In 50 words or less: A better-than-usual season is in the rear-view mirror of this Mount Allison team, and they aspire to once again be the tweeners of the Maritimes.
1) CAN they squeeze out another .500 season or is it back to the cellar of the country's worst football conference?
2) WILL quarterback Jake Hotchkiss be included in a country-wide top-10 list again?
3) WHAT will happen to the defence, which returns just seven players?
4) NO GARY ROSS?
2010 recap: 4-4 in the regular season then lost their only playoff game, at home to Acadia. On the fourth OT attempt, someone finally put points on the board; unfortunately for Mount Allison, it was the Axemen. It was the Mounties' first .500 or better season since 1998.
As befits a .500 team, they won and lost to every other AUS team at least once, including a Sep. 25 23-21 win over SMU in Moncton. (You think the Huskies might want those two safeties back?)
That .500 record is a little misleading, actually: they were third-worst in Canada in SRS and sixth-worst in RPI, which both account for the relative weakness of the Atlantic conference.
Departures: Most notably, receiver/returner Gary Ross. He's moving on to dentistry. Ross is second all-time in receptions, fifth all-time in receiving yards, and third all-time in punt return yards (PDF). More critically, the Mounties' status as one of the better offensive teams in the conference last year can somewhat be attributed to Ross' skills (the team as a whole had 7.7 yards per pass attempt; Ross had most of those). They also say goodbye to RB Matt Pickett, who was second in the conference in total rushing yardage in 2010, and fourth in 2009.
Defensively, they lose DB Bradley Daye, DL Akwasi Antwi, and DB Jermaine Oram. Daye was an all-star last year, leading the team with four interceptions. Antwi recorded four sacks and 47 total tackles last year, leading the team in the latter category.
Arrivals: With the loss of Daye and Oram, DB Donovan Saunders may find himself with a large role in his first year. On the offensive side, they welcome OL Richard Smith, WR Morgan McIsaac, and RB Iain McMillan.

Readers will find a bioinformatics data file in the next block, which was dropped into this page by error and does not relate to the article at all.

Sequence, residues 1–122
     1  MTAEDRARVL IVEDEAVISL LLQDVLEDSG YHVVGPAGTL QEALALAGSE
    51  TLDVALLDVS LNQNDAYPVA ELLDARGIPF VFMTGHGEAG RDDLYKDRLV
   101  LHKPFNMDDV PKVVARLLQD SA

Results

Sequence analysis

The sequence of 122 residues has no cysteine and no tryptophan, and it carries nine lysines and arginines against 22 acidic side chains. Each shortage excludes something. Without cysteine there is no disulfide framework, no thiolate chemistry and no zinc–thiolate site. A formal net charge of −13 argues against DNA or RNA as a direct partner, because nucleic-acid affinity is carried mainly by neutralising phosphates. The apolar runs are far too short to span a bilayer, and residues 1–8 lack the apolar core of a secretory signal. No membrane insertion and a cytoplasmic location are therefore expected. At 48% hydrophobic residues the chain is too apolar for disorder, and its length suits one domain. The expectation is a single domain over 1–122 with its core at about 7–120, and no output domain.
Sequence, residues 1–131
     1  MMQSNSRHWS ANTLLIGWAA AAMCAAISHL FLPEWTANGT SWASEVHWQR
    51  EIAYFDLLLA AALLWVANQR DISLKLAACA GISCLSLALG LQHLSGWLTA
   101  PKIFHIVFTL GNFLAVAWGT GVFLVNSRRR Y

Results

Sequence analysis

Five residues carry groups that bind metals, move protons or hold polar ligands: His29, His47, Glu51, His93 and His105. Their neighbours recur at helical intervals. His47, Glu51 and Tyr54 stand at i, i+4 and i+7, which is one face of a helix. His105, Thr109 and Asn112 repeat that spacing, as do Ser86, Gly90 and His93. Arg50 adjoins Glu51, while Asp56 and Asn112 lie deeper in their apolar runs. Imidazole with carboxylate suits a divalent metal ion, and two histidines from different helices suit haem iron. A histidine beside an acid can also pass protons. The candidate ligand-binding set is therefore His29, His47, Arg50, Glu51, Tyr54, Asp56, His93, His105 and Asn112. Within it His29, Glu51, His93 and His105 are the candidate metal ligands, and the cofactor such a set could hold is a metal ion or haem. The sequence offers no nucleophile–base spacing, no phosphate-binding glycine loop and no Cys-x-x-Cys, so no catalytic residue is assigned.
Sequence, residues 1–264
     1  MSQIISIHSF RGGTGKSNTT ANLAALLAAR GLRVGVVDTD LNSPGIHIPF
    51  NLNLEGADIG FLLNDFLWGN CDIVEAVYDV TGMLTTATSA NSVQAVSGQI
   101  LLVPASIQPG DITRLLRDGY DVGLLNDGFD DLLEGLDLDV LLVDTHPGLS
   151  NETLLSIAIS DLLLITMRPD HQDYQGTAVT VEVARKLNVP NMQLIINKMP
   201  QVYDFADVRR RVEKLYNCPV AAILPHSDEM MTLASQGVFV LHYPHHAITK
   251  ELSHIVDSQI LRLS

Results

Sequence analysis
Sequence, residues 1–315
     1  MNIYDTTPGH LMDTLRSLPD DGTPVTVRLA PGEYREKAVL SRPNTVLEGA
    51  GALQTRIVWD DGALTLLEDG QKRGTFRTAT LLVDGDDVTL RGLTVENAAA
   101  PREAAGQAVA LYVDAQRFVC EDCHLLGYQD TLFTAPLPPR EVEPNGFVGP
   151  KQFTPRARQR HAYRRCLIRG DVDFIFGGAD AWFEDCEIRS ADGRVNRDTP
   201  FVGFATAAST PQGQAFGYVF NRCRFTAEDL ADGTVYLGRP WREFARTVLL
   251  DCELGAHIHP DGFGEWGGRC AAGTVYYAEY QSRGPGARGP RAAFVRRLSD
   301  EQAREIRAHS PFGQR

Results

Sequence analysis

Keep an eye on: QB Jake Hotchkiss, a first-team all-star. Also, DE Ryan Downe, who has five of the team's 12 returning sacks from 2010.
Coach & coordinators: Head coach Kelly Jeffrey, entering his fourth year (6-20 overall), is one of a few CIS coaches with NCAA experience, and last year knocked off SMU's three-in-a-row winner Steve Sumarah for AUS Coach of the Year.
Off-the-field factors: Their once-held status as "New Brunswick’s only university with a football team" isn't quite true anymore, since both UNB Saint John and the main campus in Fredericton both have club football programs, along with Moncton. Their goal "to build a fence around the Maritimes" may have taken a hit if some players decided to go play in a competitive league rather than inevitably watching Saint Mary's win the Loney Bowl every year. It's a while back now, but Mount Allison did appear in two Vanier Cups, though granted they were in 1984 and 1991, presumably before the cabbages from Zontar ruined the purity of Canadian collegiate sports for then-athletic director Jack Drover.
From last season's preview: "QB Jake Hotchkiss might be primed for a breakthrough season" and "RB Matt Pickett might also be one to watch." Andrew got them both right; both players were named all-stars, with Hotchkiss leading AUS quarterbacks (okay, all four of them) in passing yards with 1602 and combined passing-rushing yards with 1781.
2011 outlook: Despite what the Cape Breton Post might tell you, Mount Allison isn't one of the Atlantic football powers. Having said that, 2009 was a bad year, so it's possible 2010 is more representative. I think it's more likely that they finish third or fourth with at most three wins.
Swing games: Basically all of them?
Okay, fine. The St. F-X games on Oct. 1 and Oct. 21, to see if the X-Men are going to recover this year, and the season opener against Saint Mary's, to see if lightning will strike again.
Stock up or stock down: Down. Not to oversimplify, but you can't lose Gary Ross and expect things to get better.